I din't know before, but today I discovered that all my dockers was already HTTP2 enabled.

If you want to test your server/website can simply use this online service. In the answer you will know if your website is supporting http2 or not.

http test online

I then try to investigate a little bit more trying to have better information about why it was working (I know, a normal person in the same situation would have said 'Cool, nothing to do', but... you know... I'm an engineer :)).


Using curl (you need a brand new version http2 enabled. If you are on OSx you can simply install it using brew) you are able to force a request using http2 protocol and check the verbose output

curl -vso /dev/null https://blog.mornati.net
* Rebuilt URL to: https://blog.mornati.net/
*   Trying
* Connected to blog.mornati.net ( port 443 (#0)
* ALPN, offering h2
* ALPN, offering http/1.1
* Cipher selection: ALL:!EXPORT:!EXPORT40:!EXPORT56:!aNULL:!LOW:!RC4:@STRENGTH
* successfully set certificate verify locations:
*   CAfile: /usr/local/etc/openssl/cert.pem
  CApath: none
* TLSv1.2 (OUT), TLS header, Certificate Status (22):
} [5 bytes data]
* TLSv1.2 (OUT), TLS handshake, Client hello (1):
} [512 bytes data]
* TLSv1.2 (IN), TLS handshake, Server hello (2):
{ [114 bytes data]
* NPN, negotiated HTTP2 (h2)
{ [5 bytes data]
* TLSv1.2 (IN), TLS handshake, Certificate (11):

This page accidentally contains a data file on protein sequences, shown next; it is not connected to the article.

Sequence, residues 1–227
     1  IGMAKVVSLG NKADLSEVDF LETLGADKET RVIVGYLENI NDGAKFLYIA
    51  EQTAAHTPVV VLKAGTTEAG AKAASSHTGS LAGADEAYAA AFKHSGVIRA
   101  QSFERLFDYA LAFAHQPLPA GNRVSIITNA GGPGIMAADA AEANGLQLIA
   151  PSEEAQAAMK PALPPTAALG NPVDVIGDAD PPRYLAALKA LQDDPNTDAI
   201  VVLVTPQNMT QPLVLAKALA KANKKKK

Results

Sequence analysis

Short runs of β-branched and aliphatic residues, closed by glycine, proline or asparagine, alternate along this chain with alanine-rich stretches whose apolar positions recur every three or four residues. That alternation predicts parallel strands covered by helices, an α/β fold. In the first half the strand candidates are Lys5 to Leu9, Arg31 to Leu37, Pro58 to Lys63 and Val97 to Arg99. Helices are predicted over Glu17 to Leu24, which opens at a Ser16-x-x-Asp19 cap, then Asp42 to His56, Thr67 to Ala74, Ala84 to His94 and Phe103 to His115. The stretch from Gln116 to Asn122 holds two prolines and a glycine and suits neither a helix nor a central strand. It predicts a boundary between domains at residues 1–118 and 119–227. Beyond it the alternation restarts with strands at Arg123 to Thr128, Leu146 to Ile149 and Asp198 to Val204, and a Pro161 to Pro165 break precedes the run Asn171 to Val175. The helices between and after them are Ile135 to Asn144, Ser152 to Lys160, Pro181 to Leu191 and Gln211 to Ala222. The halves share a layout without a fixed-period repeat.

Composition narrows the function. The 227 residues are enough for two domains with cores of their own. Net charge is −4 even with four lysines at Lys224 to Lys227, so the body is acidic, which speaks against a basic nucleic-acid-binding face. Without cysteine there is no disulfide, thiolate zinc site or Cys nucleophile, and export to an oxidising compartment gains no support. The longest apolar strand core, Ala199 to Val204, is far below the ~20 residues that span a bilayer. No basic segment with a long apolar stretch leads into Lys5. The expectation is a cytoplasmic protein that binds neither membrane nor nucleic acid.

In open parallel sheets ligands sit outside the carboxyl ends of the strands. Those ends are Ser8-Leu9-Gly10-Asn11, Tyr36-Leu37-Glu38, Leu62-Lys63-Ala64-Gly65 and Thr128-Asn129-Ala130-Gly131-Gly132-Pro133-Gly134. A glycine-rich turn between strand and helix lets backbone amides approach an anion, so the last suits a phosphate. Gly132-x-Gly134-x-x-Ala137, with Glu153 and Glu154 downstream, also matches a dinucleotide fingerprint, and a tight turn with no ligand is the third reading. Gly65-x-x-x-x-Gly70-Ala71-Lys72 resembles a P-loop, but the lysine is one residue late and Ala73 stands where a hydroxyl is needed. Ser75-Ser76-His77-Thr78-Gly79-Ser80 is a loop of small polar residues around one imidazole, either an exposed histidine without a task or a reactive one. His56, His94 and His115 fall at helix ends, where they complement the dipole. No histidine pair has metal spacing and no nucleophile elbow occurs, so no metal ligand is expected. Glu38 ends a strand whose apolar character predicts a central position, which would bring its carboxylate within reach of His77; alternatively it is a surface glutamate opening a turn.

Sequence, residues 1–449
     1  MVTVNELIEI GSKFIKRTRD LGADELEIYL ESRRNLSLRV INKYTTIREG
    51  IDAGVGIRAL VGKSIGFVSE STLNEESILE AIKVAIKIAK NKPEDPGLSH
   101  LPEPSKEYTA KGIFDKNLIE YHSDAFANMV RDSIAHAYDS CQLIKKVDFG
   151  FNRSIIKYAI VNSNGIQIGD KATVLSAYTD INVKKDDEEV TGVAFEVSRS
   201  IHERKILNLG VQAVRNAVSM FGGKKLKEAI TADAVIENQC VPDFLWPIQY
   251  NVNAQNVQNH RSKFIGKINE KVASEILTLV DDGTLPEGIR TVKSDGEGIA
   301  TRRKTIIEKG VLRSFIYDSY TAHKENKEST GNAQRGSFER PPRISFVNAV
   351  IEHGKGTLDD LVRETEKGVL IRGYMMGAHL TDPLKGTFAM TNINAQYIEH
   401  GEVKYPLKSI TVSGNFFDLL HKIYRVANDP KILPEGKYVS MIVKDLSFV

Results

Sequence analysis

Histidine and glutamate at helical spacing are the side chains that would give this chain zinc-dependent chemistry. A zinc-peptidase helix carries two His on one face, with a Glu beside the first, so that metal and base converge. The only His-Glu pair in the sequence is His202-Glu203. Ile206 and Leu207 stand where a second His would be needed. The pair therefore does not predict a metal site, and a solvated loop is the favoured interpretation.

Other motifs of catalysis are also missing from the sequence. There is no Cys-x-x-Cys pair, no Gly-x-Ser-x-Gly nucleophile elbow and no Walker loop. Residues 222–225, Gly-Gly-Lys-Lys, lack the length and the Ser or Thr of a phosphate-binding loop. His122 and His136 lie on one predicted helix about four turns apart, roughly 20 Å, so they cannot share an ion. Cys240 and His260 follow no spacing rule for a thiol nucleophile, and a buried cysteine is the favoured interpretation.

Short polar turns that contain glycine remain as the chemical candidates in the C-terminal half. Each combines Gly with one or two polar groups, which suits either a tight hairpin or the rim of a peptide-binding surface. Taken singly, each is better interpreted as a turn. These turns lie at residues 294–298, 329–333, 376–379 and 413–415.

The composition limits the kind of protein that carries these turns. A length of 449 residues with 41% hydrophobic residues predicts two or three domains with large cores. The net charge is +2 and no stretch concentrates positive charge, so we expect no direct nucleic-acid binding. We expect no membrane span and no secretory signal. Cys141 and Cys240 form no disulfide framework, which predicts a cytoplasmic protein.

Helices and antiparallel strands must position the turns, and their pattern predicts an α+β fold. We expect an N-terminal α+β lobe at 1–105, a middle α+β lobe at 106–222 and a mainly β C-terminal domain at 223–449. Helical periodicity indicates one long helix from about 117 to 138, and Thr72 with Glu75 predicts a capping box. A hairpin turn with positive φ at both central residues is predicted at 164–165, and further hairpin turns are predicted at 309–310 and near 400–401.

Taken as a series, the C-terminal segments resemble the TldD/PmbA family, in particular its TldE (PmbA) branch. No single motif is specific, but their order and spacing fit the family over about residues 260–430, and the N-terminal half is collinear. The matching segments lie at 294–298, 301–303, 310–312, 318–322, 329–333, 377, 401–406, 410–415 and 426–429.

{ [2731 bytes data]
* TLSv1.2 (IN), TLS handshake, Server key exchange (12):
{ [589 bytes data]
* TLSv1.2 (IN), TLS handshake, Server finished (14):
{ [4 bytes data]
* TLSv1.2 (OUT), TLS handshake, Client key exchange (16):
} [70 bytes data]
* TLSv1.2 (OUT), TLS change cipher, Client hello (1):
} [1 bytes data]
* TLSv1.2 (OUT), TLS handshake, Unknown (67):
} [36 bytes data]
* TLSv1.2 (OUT), TLS handshake, Finished (20):
} [16 bytes data]
* TLSv1.2 (IN), TLS change cipher, Client hello (1):
{ [1 bytes data]
* TLSv1.2 (IN), TLS handshake, Finished (20):
{ [16 bytes data]
* SSL connection using TLSv1.2 / ECDHE-RSA-AES128-GCM-SHA256
* ALPN, server did not agree to a protocol
* Server certificate:
*  subject: CN=blog.mornati.net
*  start date: Sep 30 19:51:00 2016 GMT
*  expire date: Dec 29 19:51:00 2016 GMT
*  subjectAltName: host "blog.mornati.net" matched cert's "blog.mornati.net"
*  issuer: C=US; O=Let's Encrypt; CN=Let's Encrypt Authority X3
*  SSL certificate verify ok.
* Using HTTP2, server supports multi-use
* Connection state changed (HTTP/2 confirmed)
* Copying HTTP/2 data in stream buffer to connection buffer after upgrade: len=0
} [5 bytes data]
* Using Stream ID: 1 (easy handle 0x7fc0bc805200)
} [5 bytes data]
> GET / HTTP/1.1
> Host: blog.mornati.net
> User-Agent: curl/7.50.3
> Accept: */*
{ [5 bytes data]
* Connection state changed (MAX_CONCURRENT_STREAMS updated)!
} [5 bytes data]
< HTTP/2 200
< server: nginx/1.11.3
< date: Mon, 10 Oct 2016 20:00:10 GMT
< content-type: text/html; charset=utf-8
< content-length: 18269
< x-powered-by: Express
< cache-control: public, max-age=0
< etag: W/"475d-WYO6IWvGpMGFIyCdpUCIeQ"
< vary: Accept-Encoding
< strict-transport-security: max-age=31536000
{ [3839 bytes data]